As each section of floor tiles is laid the level should be inspected with a large spirit level due to the fact that floorings are seldom completely flat. Additional mortar can be used to level areas where there is a slight distinction in level.

For tough tiles such as porcelain tiles a damp saw with a diamond blade is utilized to cut them around fixed obstacles such as sanitary ware, pipelines and entrances.

Once all of the tiles have been laid leave the mortar to dry thoroughly before beginning to fill the spaces between them with grout. There are 3 various kinds of grout readily available:

*Un-sanded – for grout joints less than 3mm large
*Sanded – for grout joints with a width of 3mm or more
*Epoxy – a water resistant and stain resistant grout for any width of grout joint

Picking the best type of grout for porcelain floor tiles will give an expert finish but will likewise lower the amount of upkeep required, and if it is correctly sealed it will last for as long as the porcelain tiles themselves.

Prevent strolling on the flooring up until the grout has completely dried – this can use up to 2 days depending on the density of your tiles and on the width of the grout joints.


Begin by laying loose tiles on the guide that you just created.

Start from the center of the room then follow your path until you reach the walls.

The distance in between the tile and the wall need to not be less than 2 inches nor more than 8 inches. If this occurs, adjust the center line that is parallel to the wall by 4-1/2 inches.


Follow the guidelines of your tile cement product. Spread out a coat of the cement or adhesive on one-fourth of the floor. Use a notched trowel, brush, or roller for this action.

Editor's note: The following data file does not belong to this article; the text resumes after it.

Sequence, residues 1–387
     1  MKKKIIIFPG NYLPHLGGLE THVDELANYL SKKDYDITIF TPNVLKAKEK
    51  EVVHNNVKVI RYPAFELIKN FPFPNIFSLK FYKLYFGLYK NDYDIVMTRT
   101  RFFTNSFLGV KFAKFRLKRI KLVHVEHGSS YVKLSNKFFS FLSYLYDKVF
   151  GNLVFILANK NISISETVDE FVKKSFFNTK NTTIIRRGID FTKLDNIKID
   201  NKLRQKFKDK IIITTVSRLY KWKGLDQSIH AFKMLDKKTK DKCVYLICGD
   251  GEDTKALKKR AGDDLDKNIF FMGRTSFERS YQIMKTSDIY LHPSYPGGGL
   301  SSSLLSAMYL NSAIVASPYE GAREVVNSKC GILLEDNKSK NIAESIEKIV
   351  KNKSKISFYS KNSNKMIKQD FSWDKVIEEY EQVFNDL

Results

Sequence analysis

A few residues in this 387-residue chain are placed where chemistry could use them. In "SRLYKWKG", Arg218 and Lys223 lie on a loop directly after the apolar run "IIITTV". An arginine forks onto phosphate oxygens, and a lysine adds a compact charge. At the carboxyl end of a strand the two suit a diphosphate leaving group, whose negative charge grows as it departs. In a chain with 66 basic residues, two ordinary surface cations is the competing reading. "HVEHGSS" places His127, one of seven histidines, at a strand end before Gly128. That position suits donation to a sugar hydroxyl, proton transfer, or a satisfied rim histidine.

Often cement will dry in about 15 minutes however, it still varies depending upon the temperature level and humidity in the room that you are install the tile.

After 15 minutes, feel the cement by putting your thumb onto it. If it is dry and not sticky, the cement is all set.


Start to lay the tiles at the center of your markings. The first tile needs to be exactly square with the lines. All other tiles will line up improperly if the very first tile is wrong.

Do not move tiles into location. Make certain that tiles are butted firmly and do not have any spaces.

Lay the tiles according to your pattern. Lay it additionally toward each wall.

For a border tile, place a loose tile on top of the last tile. Include another tile and place it versus the wall. Mark the tile. Cut the marked line.

For blockages: Create a paper pattern that will fit around obstructions then trace the pattern on the tiles. Cut the traced pattern.

Setting up floor covering tiles is easy, simply follow the directions below and you’ll get a tiled floor in no time. So you see, not all your renovation needs need contracted work.

You can find many different types of floor tiles from our 32,000 square foot warehouse:

Badia Design Inc.
5420 Vineland Ave.
North Hollywood, CA 91601